Wilson said the poem could be about “World War One, or Afghanistan or space travel. When you study poetry at school, you’re told what it’s about by your revision aid and you go ‘that’s not what I got out of it at all’. I want people to get out of it what they get out of it.”
Bassist Simon Rix added: “We wondered if we were allowed to do this on an album. We don’t know if people are going to turn off. But it’s powerful and it makes the album more than just a collection of songs.” Wilson said: “We’re in a rock band, we’re allowed to break the rules.”
The band hope to introduce a dose of politics back to the charts. They refused to share a Green Room with Ukip leader Nigel Farage, when they appeared on the BBC1 Andrew Marr show last Sunday.
Wilson said: “We weren’t going to drop a sheep on him. It’s not worth it. All we wanted to do was not to meet him and not to look him in the eye. But we don’t want to be politicians, we want to be rock stars.”
Rix said: “It’s good for us to make a statement. I wore a Rock Against Racism T-shirt after the Marr show and tweeted it. I don’t know if Farage is a racist, that’s for others to decide. We’re not just talking about drunken nights out in Leeds any more. We’re more worldly.”
The album’s lyrics mock the new Labour era, decrying leaders who “toast themselves with the blood of us all, Smashing regimes between courses, chanting ‘education, education, education & war.’”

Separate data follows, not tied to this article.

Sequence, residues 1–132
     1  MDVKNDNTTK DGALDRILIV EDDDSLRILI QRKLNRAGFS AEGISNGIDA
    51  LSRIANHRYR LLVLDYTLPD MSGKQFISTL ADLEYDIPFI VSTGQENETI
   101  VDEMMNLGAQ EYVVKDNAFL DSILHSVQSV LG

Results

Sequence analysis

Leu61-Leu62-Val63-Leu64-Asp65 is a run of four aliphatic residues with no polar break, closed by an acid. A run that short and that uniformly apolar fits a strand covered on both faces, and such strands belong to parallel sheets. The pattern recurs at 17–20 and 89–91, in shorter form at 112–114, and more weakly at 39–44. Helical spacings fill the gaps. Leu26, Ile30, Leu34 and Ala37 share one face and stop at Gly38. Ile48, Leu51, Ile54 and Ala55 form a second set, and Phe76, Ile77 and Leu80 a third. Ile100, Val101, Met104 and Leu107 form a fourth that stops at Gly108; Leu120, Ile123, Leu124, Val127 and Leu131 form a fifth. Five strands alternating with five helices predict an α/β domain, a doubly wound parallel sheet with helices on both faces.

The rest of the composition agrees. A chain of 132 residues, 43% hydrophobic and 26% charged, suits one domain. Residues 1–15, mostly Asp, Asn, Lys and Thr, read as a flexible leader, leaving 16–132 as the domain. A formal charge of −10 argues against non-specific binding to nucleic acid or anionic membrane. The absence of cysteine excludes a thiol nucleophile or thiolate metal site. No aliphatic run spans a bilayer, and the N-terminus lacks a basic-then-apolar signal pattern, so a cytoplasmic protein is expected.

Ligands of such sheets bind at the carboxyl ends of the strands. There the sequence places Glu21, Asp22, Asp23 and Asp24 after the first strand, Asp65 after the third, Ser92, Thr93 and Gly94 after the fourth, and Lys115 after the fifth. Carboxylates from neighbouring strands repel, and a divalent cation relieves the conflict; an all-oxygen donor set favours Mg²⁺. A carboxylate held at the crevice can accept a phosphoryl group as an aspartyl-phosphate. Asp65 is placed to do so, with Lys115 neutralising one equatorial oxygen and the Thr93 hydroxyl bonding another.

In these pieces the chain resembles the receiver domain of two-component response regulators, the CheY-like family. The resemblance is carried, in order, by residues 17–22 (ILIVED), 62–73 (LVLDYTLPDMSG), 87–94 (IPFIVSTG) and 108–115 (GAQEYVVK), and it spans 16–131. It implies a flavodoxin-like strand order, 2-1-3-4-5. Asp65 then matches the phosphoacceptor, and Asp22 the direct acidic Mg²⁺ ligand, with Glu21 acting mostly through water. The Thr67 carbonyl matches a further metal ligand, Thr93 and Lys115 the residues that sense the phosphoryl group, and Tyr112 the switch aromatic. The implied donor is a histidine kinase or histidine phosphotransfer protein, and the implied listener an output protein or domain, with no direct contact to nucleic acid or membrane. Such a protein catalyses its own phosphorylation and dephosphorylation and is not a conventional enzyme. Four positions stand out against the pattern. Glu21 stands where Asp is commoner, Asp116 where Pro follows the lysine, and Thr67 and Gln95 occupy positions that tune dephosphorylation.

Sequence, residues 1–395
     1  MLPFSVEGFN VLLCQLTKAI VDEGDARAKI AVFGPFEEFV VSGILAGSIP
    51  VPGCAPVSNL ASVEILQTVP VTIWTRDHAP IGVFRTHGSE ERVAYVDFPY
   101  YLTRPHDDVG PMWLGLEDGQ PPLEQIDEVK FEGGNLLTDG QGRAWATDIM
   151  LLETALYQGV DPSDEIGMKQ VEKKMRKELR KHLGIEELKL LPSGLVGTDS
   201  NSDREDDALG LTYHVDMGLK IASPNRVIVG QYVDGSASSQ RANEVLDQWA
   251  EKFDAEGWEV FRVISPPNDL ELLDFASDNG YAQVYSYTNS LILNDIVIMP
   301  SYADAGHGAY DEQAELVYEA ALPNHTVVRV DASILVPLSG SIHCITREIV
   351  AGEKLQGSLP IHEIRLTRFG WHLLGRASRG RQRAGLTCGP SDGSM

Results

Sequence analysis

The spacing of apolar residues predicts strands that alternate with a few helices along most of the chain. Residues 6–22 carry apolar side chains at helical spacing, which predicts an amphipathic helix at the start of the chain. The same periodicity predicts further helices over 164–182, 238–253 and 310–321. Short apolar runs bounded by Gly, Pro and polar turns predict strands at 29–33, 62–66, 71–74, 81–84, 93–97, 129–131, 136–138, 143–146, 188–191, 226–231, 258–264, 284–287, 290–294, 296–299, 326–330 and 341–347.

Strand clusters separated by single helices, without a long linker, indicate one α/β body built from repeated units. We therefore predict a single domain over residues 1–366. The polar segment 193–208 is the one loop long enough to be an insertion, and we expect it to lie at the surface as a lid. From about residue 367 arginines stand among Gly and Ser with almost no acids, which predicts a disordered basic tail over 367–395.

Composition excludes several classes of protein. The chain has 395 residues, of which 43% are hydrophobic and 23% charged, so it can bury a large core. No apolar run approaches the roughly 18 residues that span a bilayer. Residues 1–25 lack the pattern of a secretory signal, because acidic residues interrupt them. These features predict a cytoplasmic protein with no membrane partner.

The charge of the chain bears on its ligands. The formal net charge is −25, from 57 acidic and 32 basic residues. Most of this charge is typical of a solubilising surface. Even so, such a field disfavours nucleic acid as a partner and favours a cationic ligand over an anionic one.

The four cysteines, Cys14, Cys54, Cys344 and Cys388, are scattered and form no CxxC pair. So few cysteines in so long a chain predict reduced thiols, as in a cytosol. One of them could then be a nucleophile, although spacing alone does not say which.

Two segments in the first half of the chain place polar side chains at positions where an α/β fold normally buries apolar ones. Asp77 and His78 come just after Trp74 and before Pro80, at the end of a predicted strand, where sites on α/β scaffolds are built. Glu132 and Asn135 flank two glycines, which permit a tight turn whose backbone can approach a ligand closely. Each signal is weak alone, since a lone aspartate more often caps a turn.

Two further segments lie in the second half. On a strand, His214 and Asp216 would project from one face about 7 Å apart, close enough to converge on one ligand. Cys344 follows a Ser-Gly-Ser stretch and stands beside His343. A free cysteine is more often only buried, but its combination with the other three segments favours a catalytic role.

Wilson said: “We’re talking about the same kind of things Russell Brand raised in that Paxman interview. It’s more about the futility of it all. We’re entitled to a feeling of unease with power.
“It might seem political but its more social observation really, what’s around us. That’s what bands that don’t write love songs do. We’ve shied away from it since our first two albums.”
The occupation of Damnation Eternal
Decreed by Commander in Chief
Won by the infantry, led by the Colonel
Came at costs that would beggar belief
As they marched upon the inferno
And the inﬁdels dropped to their knees
Millions of civilians crammed in pavilions
Came to watch it on big screen TVs
The population of Damnation Eternal
Went from millions to thousands to one
The survivor then wrote in his journal
"Why on Earth did it take them so long?"
Within weeks we constructed a pipeline
Within years we'll have run the place dry
It'll just about last us our lifetime
So it's hip hip hoorays and high ﬁves
On the factory ﬂoor there's a whisper
We built cannons before it began
But the engines still pumping its piston
And the turbine still whirring its fan
The assembly line spits out the surplus
Into purpose built lead lined white vans
Rockets stockpile as ministry workers
Fill their pockets with all that they can
Secret meetings are held in the senate
What to do with this excess supply
There's a plan to abandon the planet
One V.I.P at a time
So we get up each day and have breakfast
Read the news and the weather forecast
As we sit and we open our letters
And we pray that it won't be our last.
Words by Ricky Wilson, narration by Bill Nighy, production by Cally, published by Imagem Music Publishing